Russian opposition leader Alexei Navalny, left, embraces his wife Yulia at a courtroom in Kirov, Russia, on Thursday. Alexei Navalny, one of the Russian opposition’s leading figures, was convicted of embezzlement Thursday and sentenced to five years in prison.
KIROV, Russia — Russian opposition leader and Moscow mayoral candidate Alexei Navalny was convicted of embezzlement Thursday and sentenced to five years in prison, a harsh ruling his supporters called an obvious attempt to shut down a foe of President Vladimir Putin and intimidate other opposition activists.
In a surprise move, prosecutors later asked that he be kept free pending appeal, possibly reflecting an attempt to soothe public anger and to lend legitimacy to a mayoral race expected to be won by a Kremlin-backed politician.
Navalny, who rose to fame as an anti-corruption blogger before leading unprecedented protests that revealed the depths of anger against the Kremlin, was found guilty of heading a group that embezzled 16 million rubles ($500,000) worth of timber from a state-owned company in 2009.
Backers say he is innocent, calling the trial unfair and the evidence against him shoddy. The U.S. and EU both criticized the ruling within hours, arguing that the case appeared to be politically motivated.
Navalny had expected the ruling and protests were planned even before it was handed down, setting up a potential confrontation with police, who routinely crack down harshly on unsanctioned rallies. By early evening, several hundred protesters gathered outside Red Square, shouting “Freedom!” amid thick police cordons. Police detained some of the demonstrators, but didn’t immediately move to disperse the rally.
In court, the 37-year-old lawyer played with his smartphone for much of the nearly 3 ½-hour verdict reading. A post on his Twitter account after the sentence was announced appeared to encourage supporters to continue his work: “Oh, well. Don’t get bored without me. And, importantly, don’t be idle.”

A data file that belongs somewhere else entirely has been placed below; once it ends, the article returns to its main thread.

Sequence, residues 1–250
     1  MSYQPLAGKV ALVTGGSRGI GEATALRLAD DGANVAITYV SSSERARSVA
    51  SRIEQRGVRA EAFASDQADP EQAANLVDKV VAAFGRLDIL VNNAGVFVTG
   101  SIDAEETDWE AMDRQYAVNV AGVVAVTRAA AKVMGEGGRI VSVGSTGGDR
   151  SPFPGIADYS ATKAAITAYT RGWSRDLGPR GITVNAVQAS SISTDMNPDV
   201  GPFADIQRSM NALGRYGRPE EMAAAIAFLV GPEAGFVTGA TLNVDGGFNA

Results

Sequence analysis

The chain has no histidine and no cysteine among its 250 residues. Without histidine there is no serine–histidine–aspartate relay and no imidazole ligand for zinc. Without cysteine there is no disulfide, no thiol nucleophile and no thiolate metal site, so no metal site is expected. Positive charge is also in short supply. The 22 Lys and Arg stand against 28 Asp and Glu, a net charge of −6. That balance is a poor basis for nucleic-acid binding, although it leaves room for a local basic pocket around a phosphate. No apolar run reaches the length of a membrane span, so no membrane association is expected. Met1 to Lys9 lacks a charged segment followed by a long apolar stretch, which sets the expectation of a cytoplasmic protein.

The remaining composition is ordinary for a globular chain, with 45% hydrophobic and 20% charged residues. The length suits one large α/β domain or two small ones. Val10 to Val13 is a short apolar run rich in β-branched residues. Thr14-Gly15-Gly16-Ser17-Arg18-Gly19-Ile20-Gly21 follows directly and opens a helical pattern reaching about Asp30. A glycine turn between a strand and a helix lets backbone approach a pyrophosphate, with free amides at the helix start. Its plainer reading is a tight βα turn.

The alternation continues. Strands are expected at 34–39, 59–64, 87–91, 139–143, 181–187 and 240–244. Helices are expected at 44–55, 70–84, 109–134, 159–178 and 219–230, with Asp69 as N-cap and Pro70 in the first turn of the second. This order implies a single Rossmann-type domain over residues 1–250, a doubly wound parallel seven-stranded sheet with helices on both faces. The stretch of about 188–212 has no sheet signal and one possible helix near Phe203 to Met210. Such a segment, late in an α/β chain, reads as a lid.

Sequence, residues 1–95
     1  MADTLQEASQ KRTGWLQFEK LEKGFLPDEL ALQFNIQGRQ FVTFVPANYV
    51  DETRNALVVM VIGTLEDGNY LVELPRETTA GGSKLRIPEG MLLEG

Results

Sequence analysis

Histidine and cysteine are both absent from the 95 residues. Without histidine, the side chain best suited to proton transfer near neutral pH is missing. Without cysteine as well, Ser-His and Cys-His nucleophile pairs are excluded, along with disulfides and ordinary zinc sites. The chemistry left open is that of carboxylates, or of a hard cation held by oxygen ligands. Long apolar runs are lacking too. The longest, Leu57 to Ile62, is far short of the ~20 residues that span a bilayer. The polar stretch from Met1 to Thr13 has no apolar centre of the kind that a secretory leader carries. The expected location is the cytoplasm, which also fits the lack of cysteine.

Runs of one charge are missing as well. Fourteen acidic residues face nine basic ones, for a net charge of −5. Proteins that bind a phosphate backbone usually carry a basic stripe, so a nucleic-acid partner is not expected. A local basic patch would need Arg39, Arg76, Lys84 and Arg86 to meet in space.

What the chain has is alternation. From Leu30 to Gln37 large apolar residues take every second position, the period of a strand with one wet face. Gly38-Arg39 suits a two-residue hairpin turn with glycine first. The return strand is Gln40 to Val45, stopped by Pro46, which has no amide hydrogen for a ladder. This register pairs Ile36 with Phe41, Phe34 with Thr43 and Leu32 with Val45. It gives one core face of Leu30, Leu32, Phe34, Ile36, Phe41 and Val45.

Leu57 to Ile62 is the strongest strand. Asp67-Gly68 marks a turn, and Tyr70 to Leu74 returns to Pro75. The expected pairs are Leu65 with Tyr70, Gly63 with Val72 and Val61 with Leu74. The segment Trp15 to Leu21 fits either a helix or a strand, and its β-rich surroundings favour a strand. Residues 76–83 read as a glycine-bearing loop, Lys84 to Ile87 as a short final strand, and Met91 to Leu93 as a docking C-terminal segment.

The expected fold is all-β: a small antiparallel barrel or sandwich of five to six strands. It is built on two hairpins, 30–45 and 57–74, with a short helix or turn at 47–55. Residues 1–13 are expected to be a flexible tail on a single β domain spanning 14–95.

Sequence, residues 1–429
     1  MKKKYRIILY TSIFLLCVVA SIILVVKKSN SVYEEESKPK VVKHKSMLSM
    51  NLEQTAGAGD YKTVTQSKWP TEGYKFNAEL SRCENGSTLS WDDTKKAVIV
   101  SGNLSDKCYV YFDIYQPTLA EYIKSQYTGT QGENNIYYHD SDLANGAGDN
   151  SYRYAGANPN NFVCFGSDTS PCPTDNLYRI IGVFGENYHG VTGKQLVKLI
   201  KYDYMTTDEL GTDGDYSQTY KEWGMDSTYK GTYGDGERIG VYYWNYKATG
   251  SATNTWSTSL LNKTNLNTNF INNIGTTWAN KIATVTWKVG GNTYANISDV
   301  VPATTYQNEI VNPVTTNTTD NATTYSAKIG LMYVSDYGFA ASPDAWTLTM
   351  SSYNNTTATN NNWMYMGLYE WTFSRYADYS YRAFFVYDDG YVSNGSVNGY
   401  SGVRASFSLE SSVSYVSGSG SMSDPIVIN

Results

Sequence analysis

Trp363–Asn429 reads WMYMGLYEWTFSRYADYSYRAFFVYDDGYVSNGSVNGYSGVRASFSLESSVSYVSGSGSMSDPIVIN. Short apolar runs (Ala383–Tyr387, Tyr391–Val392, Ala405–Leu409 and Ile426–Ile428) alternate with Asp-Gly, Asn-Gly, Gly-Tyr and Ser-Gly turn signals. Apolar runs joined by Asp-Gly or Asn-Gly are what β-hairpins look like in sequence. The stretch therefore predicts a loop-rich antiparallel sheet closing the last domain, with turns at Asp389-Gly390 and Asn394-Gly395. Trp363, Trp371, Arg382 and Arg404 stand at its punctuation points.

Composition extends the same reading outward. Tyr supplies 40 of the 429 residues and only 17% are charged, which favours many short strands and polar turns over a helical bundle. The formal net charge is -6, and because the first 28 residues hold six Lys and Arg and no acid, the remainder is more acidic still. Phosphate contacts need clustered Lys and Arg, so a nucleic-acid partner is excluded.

Navalny handed the phone and his watch to his wife, Yulia, before bailiffs took custody of him and a co-defendant Pyotr Ofitserov, who was given a four-year sentence.
A leading face of the opposition, Navalny was a top leader of the wave of massive protest rallies that broke out in late 2011 after a national parliamentary election scarred by allegations of widespread fraud.
He first called the dominant United Russia party “the party of crooks and thieves,” a phrase that became a rallying cry for the nascent opposition to Putin. But the ruling comes as the opposition suffers under a wave of Kremlin attempts to snuff it out, including shutting down NGOs and prosecuting protesters.
Navalny had declared himself a candidate for this fall’s Moscow mayoral election, but his chief of staff, Leonid Volkov, told The Associated Press they agreed he would drop out of the race if he was sentenced to prison.
It was not immediately clear if Navalny would stay in the race after prosecutors’ request that he be freed. The Kremlin may think that his popularity isn’t broad enough to pose an electoral threat to the incumbent.
Thursday’s court ruling sparked condemnation from the outspoken U.S. Ambassador Michael McFaul.